Hong Kong’s best claypot rice dishes

We stuff our faces across town to give you the eight best claypot rice dishes in Hong Kong
Hing Kee 興記菜館
By Ann Chiu and Olivia Lai |
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As the weather gets a little chilly, Hongkongers love to combat the cold weather by indulging in seasonal treats like hotpot, a steaming cup of hot chocolate and of course, claypot rice. Those in the know flock to areas like Temple Street, Sai Wan, Shau Kei Wan and Kowloon City, in a sort of winter migration, to acquire the most authentic and best claypot rice dishes. Naturally, we’re doing likewise to discover which is number one.

Hong Kong’s best claypot rice

Restaurants

Casserole Buddies

icon-location-pin Sai Kung

This restaurant boasts more than 3,000 sq ft of space and interiors designed to pay homage to Hong Kong dai pai dongs of the 70s and 80s. Food wise, claypot dishes are the biggest draw here. The signature retro series include salted fish and minced meat, abalone and chicken, as well as egg and beef claypot rice. It’s like a bite from the past. If you’re feeling adventurous, don’t miss out on Buddies’ creative fusion flavours like matcha, sakura shrimp and eel rice ($78) and Hainan chicken claypot rice ($78).

Restaurants

Four Seasons Pot Rice

icon-location-pin Yau Ma Tei

Not to be confused with the five-star hotel, Four Seasons is the granddaddy of claypot rice on Temple Street – it’s been serving the hungry folks of Mong Kok for more than 30 years. The moment claypot season hits, massively long lines start forming outside. The claypot rice is cooked using a charcoal fire and there are 30 different varieties you can select. Try going for the chicken and Chinese sausage claypot rice ($57), where the rice boasts a great aroma, tender chicken and a cracking soy sauce flavour.

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Restaurants

Hing Kee Restaurant

icon-location-pin Yau Ma Tei

If Four Seasons is the granddaddy of Temple Street, Hing Kee is like the grandma. Another neighbourhood institution with more than 30 years of history, Hing Kee now spreads across two streets and six separate branches, so at least you don’t have to queue for long to get a seat. Many tourists come here for the cheap and authentic local cuisine. In terms of claypot rice, there’s a plethora of options that allow you to mix-and-match up to 60 different variations, much like the minced beef with Chinese sausage claypot rice ($56).

Restaurants

Kwan Kee Claypot Rice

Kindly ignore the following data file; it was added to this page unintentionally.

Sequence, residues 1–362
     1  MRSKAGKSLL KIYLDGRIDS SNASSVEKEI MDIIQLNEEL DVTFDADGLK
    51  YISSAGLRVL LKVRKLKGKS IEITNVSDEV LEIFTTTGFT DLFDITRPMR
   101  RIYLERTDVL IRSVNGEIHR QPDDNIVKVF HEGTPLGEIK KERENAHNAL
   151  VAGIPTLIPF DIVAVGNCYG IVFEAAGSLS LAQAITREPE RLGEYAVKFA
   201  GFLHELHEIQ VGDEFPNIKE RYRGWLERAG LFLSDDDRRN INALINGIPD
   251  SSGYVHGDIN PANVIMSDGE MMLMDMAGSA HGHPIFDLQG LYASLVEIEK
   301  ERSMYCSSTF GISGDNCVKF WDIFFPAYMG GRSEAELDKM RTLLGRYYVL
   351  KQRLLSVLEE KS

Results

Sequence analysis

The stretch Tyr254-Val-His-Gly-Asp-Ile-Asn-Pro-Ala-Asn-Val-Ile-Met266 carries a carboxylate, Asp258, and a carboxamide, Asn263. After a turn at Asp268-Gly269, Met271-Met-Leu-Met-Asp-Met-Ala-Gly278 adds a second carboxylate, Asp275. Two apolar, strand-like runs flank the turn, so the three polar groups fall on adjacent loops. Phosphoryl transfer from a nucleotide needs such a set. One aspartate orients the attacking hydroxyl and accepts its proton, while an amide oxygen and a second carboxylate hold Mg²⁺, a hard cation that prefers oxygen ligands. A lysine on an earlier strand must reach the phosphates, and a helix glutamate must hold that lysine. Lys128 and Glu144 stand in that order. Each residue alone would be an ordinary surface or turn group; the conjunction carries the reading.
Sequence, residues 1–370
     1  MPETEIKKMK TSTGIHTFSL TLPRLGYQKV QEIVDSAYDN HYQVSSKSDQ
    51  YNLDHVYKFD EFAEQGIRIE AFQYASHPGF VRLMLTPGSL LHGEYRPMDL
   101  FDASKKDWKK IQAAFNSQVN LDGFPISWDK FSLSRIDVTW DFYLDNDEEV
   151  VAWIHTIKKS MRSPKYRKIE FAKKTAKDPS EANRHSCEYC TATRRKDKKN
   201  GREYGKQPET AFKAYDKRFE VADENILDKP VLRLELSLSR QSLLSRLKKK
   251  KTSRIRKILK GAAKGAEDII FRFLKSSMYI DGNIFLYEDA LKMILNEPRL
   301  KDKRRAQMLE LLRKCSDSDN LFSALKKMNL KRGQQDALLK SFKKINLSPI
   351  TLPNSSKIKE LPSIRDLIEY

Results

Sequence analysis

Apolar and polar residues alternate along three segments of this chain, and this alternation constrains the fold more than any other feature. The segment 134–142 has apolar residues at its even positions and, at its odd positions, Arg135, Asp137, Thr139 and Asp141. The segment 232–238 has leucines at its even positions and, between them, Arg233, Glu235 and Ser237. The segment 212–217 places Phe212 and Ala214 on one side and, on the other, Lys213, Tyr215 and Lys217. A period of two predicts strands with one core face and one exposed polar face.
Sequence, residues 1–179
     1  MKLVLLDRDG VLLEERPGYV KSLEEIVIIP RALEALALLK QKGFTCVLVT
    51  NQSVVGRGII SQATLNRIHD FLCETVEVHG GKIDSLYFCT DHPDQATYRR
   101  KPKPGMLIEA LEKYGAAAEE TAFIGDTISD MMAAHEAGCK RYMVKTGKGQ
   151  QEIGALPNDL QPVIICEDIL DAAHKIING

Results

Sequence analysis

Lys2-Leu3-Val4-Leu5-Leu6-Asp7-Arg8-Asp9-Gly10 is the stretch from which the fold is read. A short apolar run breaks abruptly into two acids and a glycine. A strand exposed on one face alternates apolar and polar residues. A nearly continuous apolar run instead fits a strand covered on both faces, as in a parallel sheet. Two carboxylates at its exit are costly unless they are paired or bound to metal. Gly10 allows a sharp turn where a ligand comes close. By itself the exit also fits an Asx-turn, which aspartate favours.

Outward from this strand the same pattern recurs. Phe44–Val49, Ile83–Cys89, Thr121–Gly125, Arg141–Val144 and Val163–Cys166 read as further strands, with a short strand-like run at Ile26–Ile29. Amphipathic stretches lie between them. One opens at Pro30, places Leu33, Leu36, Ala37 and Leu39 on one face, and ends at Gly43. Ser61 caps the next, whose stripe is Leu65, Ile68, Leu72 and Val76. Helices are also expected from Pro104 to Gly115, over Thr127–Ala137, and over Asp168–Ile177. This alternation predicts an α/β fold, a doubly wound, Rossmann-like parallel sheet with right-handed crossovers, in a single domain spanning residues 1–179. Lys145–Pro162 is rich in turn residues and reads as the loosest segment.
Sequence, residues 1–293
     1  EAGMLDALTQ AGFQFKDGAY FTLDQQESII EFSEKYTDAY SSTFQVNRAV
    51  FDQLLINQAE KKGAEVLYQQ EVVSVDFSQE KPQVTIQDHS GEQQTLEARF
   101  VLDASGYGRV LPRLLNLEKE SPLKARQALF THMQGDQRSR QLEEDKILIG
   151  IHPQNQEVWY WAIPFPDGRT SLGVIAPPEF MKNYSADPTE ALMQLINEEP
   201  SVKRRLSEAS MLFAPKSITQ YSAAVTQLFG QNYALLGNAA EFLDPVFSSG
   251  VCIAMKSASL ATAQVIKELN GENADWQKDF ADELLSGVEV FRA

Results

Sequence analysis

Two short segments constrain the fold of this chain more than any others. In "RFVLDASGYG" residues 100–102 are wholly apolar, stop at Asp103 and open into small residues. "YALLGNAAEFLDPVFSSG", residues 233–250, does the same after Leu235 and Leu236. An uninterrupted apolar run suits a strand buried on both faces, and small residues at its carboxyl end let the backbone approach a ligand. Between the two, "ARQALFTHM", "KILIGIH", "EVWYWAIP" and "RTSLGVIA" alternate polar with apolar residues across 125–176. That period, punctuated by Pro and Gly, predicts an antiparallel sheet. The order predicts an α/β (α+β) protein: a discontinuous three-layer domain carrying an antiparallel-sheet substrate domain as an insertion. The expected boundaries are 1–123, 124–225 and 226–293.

icon-location-pin Sai Ying Pun

The don of claypot rice in Sai Ying Pun, Kwan Kee is famous for its signature charcoal-cooked claypot rice and the quality is equally good whether at this SYP branch or its flagship branch on Kwai Heung Street. Reservations are a must to get a seat during dinner and be warned, you have to wait an hour for your rice once you’ve placed your order. But trust us, it’s well worth it as the dish is seriously well-cooked and the rice is evenly crisp across the entire bottom of the pot. We recommend going for the beef and egg with Chinese sausage ($100) where the flavour of the beef works well with the top quality Chinese sausage and the sweetness of the soy sauce. A guaranteed winning formula.

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Restaurants

Sheung Hei Claypot Rice

icon-location-pin Kennedy Town

Sheung Hei is a well-known local joint in Kennedy Town, recommended in the Michelin Guide. The restaurant is so popular, there are queues every evening almost without fail. There are about 30 different claypot rice options to pick from at Sheung Hei including the preserved meat and spare rib claypot rice ($75, pictured). Its popularity may be down to the chef’s habit of mixing fresh and leftover rice and adding a couple of drops of pig fat, which helps it achieve the perfect charred condition. Sheung Hei can be trusted to dish up a great pot and top-notch service.

Restaurants, Chinese

《紹華小廚》Siu Wah Kitchen

icon-location-pin Shau Kei Wan

Sui Wah’s owner was once a chef at New Chui Wah, a renowned and much missed claypot rice specialist in Causeway Bay, so you know he can deliver a mean claypot rice. Pick and choose from 30 different versions of the signature charcoal-cooked dish. Ingredients range from traditional ones to funky western-fusion mixes – think mushrooms and foie gras, and beef and garlic – to non-conventional combos like octopus and chicken with Chinese sausage ($75). Pay special attention to the soy sauce here: it comes with layers of flavouring and mixes brilliantly with any and all the ingredients served here. 

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Restaurants

Tim Lok Yuen

icon-location-pin Kowloon City

A trusted old name in Kowloon City with decades of history, Tim Lok Yuen not only does great noodles and regular rice dishes, but also offers 20 different claypot rice options. Signature items include ginger and fish belly, chan pei and fish intestine, fish curry, and preserved duck and Chinese sausage ($80).

Restaurants

Wing Hop Sing

icon-location-pin Shek Tong Tsui

A neighbourhood institution with 40 years of history, Wing Hop Sing originally started out as a cha chaan teng before morphing into a restaurant that specialises in claypot rice. What makes Wing Hop Sing’s claypot stand out from the rest is that its dishes are cooked using a baking oven, so that heat is spread equally. A must-try is the beef and egg claypot rice when you visit, as well as their daily soup. Note that it doesn’t open for dinner and weekends.

Looking to chow down on more local food?

Restaurants

Ultimate egg sandwich showdown

While most Hong Kong cha chaan tengs can boast egg-cellent sandwiches, we decided to go undercover and pit four of the fluffiest, creamiest egg sammies in town against one another in the hope of crowning the best in Hong Kong. 

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